Gymnastics is a very physically demanding sport that covers a range of disciplines and is used in both conditioning and competition.
It features systematic exercises that are often assisted by rings, bars, and other equipment. Gymnastics is an all-encompassing sport that requires training in many physical abilities and encourages the development of many beneficial mental traits.
It Came from the Greeks
Gymnastics was first introduced by the ancient Greeks. The ancient civilization is known for being in great physical shape because they valued physical fitness very highly. Both Greek men and women used gymnastic exercises to develop their bodies into vessels of strength and endurance. When Rome conquered Greece, it took gymnastics (which, until then, had only been a form of body conditioning) and turned it into a sport. Roman generals made their soldiers train using vigorous gymnastic exercises. As the Roman civilization fell, people lost interest in gymnastics. The only echo of gymnastics left after the fall of Rome was tumbling, which was used for entertainment.
The Rise of Modern Gymnastics
Johann Bernhard Basedow began combining physical exercises with other activities at his school in 1774. This was the first step toward gymnastic evolution. In the late 1700s, Germany’s Friedrich Ludwig Jahn introduced the side bar, the horizontal bar, the parallel bars, the balance beam, and jumping events. These were innovations that became so crucial to the sport of gymnastics that Jahn is considered the “father of modern gymnastics.” Germany continued to produce gymnastic innovations, like different methods of the sport and more apparatus for the sport to use.
After centuries of evolution, gymnastics today is a well-oiled machine with set rules and expectations of its gymnasts and 6 different categories, with 4 that are featured in the Olympic Games and 2 that are featured in the Junior Olympic Program.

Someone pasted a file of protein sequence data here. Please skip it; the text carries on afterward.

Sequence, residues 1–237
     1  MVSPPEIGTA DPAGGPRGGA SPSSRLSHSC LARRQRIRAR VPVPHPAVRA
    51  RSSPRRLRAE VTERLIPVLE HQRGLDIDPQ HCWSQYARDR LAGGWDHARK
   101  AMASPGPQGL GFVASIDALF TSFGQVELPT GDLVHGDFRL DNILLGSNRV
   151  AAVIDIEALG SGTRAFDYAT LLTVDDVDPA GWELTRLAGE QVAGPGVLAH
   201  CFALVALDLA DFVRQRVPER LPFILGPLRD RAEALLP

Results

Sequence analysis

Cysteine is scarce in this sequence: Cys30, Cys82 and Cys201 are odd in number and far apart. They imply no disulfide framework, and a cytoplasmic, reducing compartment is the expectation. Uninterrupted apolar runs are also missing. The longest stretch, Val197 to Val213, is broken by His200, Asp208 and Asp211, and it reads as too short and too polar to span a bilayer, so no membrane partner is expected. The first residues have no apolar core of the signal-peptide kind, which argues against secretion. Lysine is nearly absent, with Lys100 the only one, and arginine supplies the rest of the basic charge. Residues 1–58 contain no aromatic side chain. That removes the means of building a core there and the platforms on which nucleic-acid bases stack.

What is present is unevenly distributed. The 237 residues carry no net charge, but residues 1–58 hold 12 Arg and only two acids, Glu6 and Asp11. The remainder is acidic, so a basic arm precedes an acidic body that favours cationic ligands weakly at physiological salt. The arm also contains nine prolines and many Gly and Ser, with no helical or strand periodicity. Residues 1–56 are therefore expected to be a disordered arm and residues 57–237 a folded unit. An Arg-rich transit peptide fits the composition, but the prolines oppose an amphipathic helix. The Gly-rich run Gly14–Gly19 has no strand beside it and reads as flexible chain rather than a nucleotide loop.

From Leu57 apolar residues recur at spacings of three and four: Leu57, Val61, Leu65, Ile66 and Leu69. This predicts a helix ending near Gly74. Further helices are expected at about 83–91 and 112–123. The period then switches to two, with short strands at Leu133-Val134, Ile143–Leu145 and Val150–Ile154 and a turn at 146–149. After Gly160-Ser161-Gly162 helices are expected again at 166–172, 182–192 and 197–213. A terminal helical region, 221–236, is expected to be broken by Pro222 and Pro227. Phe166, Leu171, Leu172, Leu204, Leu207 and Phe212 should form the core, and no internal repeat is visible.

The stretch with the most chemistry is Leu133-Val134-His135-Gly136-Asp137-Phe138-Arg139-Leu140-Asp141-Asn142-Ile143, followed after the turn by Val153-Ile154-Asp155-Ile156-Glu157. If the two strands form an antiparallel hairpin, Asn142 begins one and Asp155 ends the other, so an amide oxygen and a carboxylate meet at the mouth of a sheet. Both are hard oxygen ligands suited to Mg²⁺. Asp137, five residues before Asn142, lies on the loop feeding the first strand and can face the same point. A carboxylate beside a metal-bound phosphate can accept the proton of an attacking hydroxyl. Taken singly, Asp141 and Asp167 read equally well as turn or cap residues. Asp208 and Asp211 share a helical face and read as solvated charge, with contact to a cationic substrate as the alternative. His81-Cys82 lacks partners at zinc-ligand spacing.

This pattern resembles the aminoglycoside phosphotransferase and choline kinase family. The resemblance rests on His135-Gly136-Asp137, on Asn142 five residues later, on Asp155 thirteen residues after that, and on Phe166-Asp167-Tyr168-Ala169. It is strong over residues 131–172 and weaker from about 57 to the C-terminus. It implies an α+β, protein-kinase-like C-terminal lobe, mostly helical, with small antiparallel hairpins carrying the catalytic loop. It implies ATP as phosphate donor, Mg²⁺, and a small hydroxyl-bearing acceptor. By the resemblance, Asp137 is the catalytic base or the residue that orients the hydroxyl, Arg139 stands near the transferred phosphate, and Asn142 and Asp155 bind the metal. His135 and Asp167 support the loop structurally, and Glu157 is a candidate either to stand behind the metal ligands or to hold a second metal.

- Women’s Artistic Gymnastics – This is the most mainstream form of gymnastics. Its events include both individual and team versions of Vault, Uneven Parallel Bars, Balance Beam, and Floor Exercise.
- Men’s Artistic Gymnastics – In this category, men compete individually and on teams in the following events: Floor Exercise, Pommel Horse, Rings, Vault, Parallel Bars, and High Bar.
- Rhythmic Gymnastics – This category is female only and includes individual and team events with Rope, Hoop, Ball, Clubs, and Ribbon.
- Trampoline – This is the most recent gymnastic category added to the Olympics. Both men and women can participate in the events, which are single routines on double mini trampolines and synchronized routines with a partner.
- Power Tumbling – This category is only available in the Junior Olympic program and it consists of performing tumbling passes that follow a series of 8 elements.
- Acrobatic Gymnastics – This form of gymnastics is also only available in the Junior Olympic Program and it consists of teams of 2-4 people (all one gender and mixed genders allowed) that perform things like handstands, holds, and balances on each other. There is no equipment involved because the gymnasts are the equipment.
See gymnasts training on the balance beam here:
Gymnastics: The Super Sport
It is no secret that gymnastics is an incredibly physically demanding sport. It requires balance, agility, endurance, strength, coordination, and flexibility. It utilizes the muscle groups of the shoulders, arms, back, chest, legs, and abdomen. It develops courage, alertness, self-confidence, precision, and self-discipline. Gymnastics is a sport that encourages growth in skill, fitness, and brainpower.
While gymnastics is not easy, it is still a sport that can be learned and perfected by many people. There is an unspoken requirement of a moderate level of fitness before starting to train in gymnastics. It is a graceful and elegant sport that requires commitment.